The Gift of Time

A woman holding a toddler with a lake and a forest in the backgroundColleen and Derek spent the first half of Colleen’s pregnancy like many first-time parents, imagining what their child would be like, musing about things they would do as a family and celebrating a joyful new chapter in their lives.

They never imagined they would have a child with special needs or that doctors would predict their baby may not live past childhood. When that became Colleen and Derek’s reality, Seattle Children’s Uncompensated Care Fund gave them the gift they needed most — time with their daughter.

“I don’t know what to do”

 Colleen and Derek first learned their daughter, Ivy, had health concerns during Colleen’s 20-week ultrasound. The technician saw Ivy’s brain structure was abnormal, and the couple was referred to Seattle Children’s. Providers there confirmed Ivy was missing her corpus callosum, a bundle of more than 200 million nerve fibers that connect the right and left sides of the brain.

Doctors weren’t certain what this meant for Ivy. Most likely, she would have some learning difficulties but would be otherwise healthy. Worst-case scenario, she could have a rare neurodegenerative disease with complex disabilities and a limited life span.

“Even thinking about a mild disability was absolutely devastating to us because it wasn’t what we’d imagined,” Colleen said. “We’d had this idea of parenthood and suddenly that was thrown out the window.”

“I remember calling my mom,” Derek said. “We didn’t have a name for Ivy yet, so we were calling her Sprout, and I just cried, ‘Sprout has brain damage, and I don’t know what to do.’”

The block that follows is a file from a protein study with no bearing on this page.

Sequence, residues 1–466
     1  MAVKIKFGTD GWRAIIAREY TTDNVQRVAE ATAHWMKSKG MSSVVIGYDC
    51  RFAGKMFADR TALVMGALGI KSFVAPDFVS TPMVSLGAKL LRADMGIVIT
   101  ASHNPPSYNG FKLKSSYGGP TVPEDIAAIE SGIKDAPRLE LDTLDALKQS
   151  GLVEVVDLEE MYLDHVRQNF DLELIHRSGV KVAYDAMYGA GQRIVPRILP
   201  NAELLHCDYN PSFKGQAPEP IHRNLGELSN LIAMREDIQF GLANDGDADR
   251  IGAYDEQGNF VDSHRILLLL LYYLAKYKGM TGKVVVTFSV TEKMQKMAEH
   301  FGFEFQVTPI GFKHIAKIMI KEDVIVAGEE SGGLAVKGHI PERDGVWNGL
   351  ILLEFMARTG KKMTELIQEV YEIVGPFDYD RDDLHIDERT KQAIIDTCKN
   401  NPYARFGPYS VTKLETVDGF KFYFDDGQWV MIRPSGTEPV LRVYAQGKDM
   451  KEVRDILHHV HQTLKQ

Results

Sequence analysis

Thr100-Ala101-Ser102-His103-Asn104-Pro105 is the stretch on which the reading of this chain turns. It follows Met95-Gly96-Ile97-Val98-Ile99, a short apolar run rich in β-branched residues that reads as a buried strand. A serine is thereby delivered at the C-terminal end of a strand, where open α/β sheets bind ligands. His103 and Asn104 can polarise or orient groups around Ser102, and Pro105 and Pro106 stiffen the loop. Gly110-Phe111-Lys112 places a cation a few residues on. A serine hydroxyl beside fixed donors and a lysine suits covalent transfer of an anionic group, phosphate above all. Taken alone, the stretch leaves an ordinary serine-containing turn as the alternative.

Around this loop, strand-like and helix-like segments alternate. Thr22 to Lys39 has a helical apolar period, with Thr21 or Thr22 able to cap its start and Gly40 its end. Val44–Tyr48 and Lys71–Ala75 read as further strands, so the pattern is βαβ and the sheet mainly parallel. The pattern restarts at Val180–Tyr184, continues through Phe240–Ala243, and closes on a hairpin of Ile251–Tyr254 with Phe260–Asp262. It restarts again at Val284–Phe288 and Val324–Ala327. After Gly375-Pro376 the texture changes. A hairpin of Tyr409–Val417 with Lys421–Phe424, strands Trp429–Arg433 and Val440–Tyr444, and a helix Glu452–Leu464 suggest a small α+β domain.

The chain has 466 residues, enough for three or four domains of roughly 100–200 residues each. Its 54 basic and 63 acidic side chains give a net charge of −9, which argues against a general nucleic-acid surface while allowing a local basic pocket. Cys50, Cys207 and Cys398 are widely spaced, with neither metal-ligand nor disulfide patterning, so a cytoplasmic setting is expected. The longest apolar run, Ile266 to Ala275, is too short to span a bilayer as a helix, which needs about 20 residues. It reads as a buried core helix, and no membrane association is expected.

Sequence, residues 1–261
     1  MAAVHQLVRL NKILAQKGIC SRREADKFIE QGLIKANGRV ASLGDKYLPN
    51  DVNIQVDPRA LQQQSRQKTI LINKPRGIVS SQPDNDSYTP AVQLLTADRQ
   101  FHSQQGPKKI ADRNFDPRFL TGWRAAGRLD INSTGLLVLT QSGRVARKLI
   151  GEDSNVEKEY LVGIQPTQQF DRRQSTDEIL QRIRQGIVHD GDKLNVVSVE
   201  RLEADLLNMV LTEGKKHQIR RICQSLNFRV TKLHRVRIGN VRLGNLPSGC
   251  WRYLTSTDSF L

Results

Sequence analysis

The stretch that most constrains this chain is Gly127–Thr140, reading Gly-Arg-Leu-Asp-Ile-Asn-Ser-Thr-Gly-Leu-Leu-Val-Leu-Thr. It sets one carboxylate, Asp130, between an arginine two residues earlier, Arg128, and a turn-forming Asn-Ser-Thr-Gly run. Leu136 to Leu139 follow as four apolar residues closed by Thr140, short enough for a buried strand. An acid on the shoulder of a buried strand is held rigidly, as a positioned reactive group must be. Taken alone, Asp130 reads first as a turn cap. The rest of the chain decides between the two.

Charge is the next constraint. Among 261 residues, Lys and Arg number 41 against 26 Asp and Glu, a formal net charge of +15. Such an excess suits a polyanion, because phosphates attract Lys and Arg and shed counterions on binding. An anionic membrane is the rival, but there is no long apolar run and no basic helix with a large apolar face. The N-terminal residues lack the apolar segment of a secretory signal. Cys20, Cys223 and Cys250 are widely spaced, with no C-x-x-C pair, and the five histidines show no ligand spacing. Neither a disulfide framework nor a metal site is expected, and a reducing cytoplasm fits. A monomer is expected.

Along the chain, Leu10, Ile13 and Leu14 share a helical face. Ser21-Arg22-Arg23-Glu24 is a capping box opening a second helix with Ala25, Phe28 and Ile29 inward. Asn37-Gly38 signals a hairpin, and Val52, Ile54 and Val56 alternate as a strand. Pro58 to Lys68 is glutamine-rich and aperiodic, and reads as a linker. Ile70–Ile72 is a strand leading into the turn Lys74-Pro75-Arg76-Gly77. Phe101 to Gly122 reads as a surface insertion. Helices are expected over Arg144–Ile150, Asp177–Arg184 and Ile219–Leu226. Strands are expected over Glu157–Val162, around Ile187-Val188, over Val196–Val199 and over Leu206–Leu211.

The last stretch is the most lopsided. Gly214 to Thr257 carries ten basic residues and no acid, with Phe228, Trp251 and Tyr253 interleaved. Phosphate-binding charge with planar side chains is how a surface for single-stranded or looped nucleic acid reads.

For the rest of her pregnancy, Colleen researched the many possible outcomes for babies with a missing corpus callosum, preparing for the worst. “We didn’t share the news with a lot of people, so I had to put on this act of like, ‘I’m so excited for this baby!’ But really, I was terrified for her to be born and what that might mean.”

Sensing something was wrong

Ivy was born in October 2018. After 36 hours of labor, she came out and immediately turned blue. A neonatal intensive care team whisked Ivy to a heated table and started suctioning her airway.

“I didn’t understand what was happening,” Derek said. “I was thinking, ‘Am I about to watch my child die?’”

Thankfully, Ivy started breathing on her own and was soon in Colleen’s arms. “She looked okay,” Colleen said. “We took this sigh of relief and thought she was going to be fine. For one day, we had this glimmer of hope.”

But in the days that followed, Colleen began to sense something was wrong. They couldn’t keep Ivy awake to feed her. When she did eat, Ivy couldn’t keep food down. She was losing weight and becoming dehydrated.

Ivy’s pediatrician sent the family to Seattle Children’s Emergency Department when Ivy was just 4 days old.

“That was one of the worst experiences of our lives,” Derek said. “I was in shock. I remember, after we got into the room, I went back to the car to grab our bag and just lost it. I sat in the car and screamed and hit the steering wheel and cried.”

“During our first stay inpatient, when Ivy was only a few days old, a provider looked us in the eyes and said, ‘Your baby is perfect. You know that, don’t you? She is exactly who she was born to be.’ It was an incredible moment because it reminded us that Seattle Children’s existed not just to ‘fix’ our child, but to support her as the perfectly imperfect human that she is.” — Colleen

Everything changes

 Over the next four months, Ivy struggled with vomiting, lethargy, battles with aspiration, breathing issues and suspected seizures. She got a feeding tube and underwent many tests before she was diagnosed with pyruvate dehydrogenase complex deficiency — a rare mitochondrial disease in which lactic acid builds up in the body, causing nausea, vomiting, severe breathing problems and a variety of neurological problems.

Many individuals with pyruvate dehydrogenase complex deficiency do not survive past childhood. Ivy’s care team told Colleen and Derek that Ivy might not make it to her first birthday.